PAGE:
Alex James: I woke up, and it was a different world

Rural Notebook
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The Independent Online

Fog, thick fog: an infinity of the stuff; murky endlessness that felt for a moment that it might crack like a huge egg and separate into pools of fluffy white mists and a golden yolk of sunshine. But it didn't. By noon the day had merely staggered towards a state of fine fizzing drizzle and given up on itself. From dawn to dusk it was as grey as an old towel.

Outside in the foreign wet and cold, two diggers, three eager experts and a gormless youth, his hands in his pockets, who simply couldn't have been less interested in nature's gentle miracles, were laying a new beech hedge. It was the finishing touch to a completely rebuilt back garden.

I realise now that when I was planning the garden in my mind's eye, I only ever saw it as an immaculate, finished, sun-drenched, warm and still place. It was now suddenly obvious this would never actually be the case and it couldn't have been further from any of those things this morning. I suppose, for more than half the year gardens are muddy, and always – always – dynamic, ever-changing places. It's actually impossible to stop gardens from looking different from one week to the next.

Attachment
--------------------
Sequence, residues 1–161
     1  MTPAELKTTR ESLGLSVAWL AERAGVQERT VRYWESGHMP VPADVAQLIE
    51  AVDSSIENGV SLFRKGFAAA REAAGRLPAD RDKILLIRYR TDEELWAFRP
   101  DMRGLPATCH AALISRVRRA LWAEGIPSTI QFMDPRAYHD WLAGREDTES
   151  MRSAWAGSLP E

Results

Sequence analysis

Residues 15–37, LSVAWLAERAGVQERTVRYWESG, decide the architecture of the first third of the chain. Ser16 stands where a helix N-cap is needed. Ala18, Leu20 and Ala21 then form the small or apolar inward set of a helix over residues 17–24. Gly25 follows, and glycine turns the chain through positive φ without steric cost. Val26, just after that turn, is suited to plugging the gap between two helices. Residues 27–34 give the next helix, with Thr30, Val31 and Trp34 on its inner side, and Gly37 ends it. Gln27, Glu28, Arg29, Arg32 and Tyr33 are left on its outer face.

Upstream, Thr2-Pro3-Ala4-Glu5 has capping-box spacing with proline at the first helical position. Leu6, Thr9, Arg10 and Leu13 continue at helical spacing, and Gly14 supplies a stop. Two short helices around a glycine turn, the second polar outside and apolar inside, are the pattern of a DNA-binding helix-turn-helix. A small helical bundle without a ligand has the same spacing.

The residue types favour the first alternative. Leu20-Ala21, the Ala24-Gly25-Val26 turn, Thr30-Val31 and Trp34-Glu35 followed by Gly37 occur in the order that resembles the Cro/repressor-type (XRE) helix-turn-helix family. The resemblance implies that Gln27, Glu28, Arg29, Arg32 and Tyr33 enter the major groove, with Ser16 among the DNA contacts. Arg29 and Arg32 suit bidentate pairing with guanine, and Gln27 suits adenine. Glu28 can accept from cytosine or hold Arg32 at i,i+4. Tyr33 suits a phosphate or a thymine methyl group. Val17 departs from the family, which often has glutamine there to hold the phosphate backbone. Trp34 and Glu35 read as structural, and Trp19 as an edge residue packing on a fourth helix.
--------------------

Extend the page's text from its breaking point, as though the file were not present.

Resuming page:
I'd been ill, rolling in bed for nearly two weeks full of swine flu, unable to focus, taste or enjoy anything. Suddenly this morning I was acutely aware that my senses had returned and I was back in the driving seat and ready for anything under those grey skies. Soon it would just feel normal again, but for a moment I could appreciate what an underrated thing normal is.

It's a different world out there since I took to my bed: the heating has come on, now doors must be closed against draughts. But the soggy old day was a sight for sore eyes, humble greyness the perfect melancholy toast to the gentle, calm world out there.

Esprit de core

There was once quite a large orchard on the farm, and a nuttery, which are now extinct. Along with the help of an expert I've been planning a new one. Expert advice is always best: the tricky bit here is making sure there are enough pollinator species, otherwise you don't get any fruit.

Regardless of expertise, one thing I don't understand at all is that for the cost of a couple of bottles of cider, you can have endless apples forever. The apple trees require hardly any maintenance or care. There must surely be a catch?

Waxing lyrical

Life is being sweetened at the moment by a French polisher who came last week to give a tatty section of floor a bit of love. When he had finished, it looked like a dining table and now it is hard to know where he should stop. He has actually moved in. What a difference a bit of shine makes. Same old floor, completely different.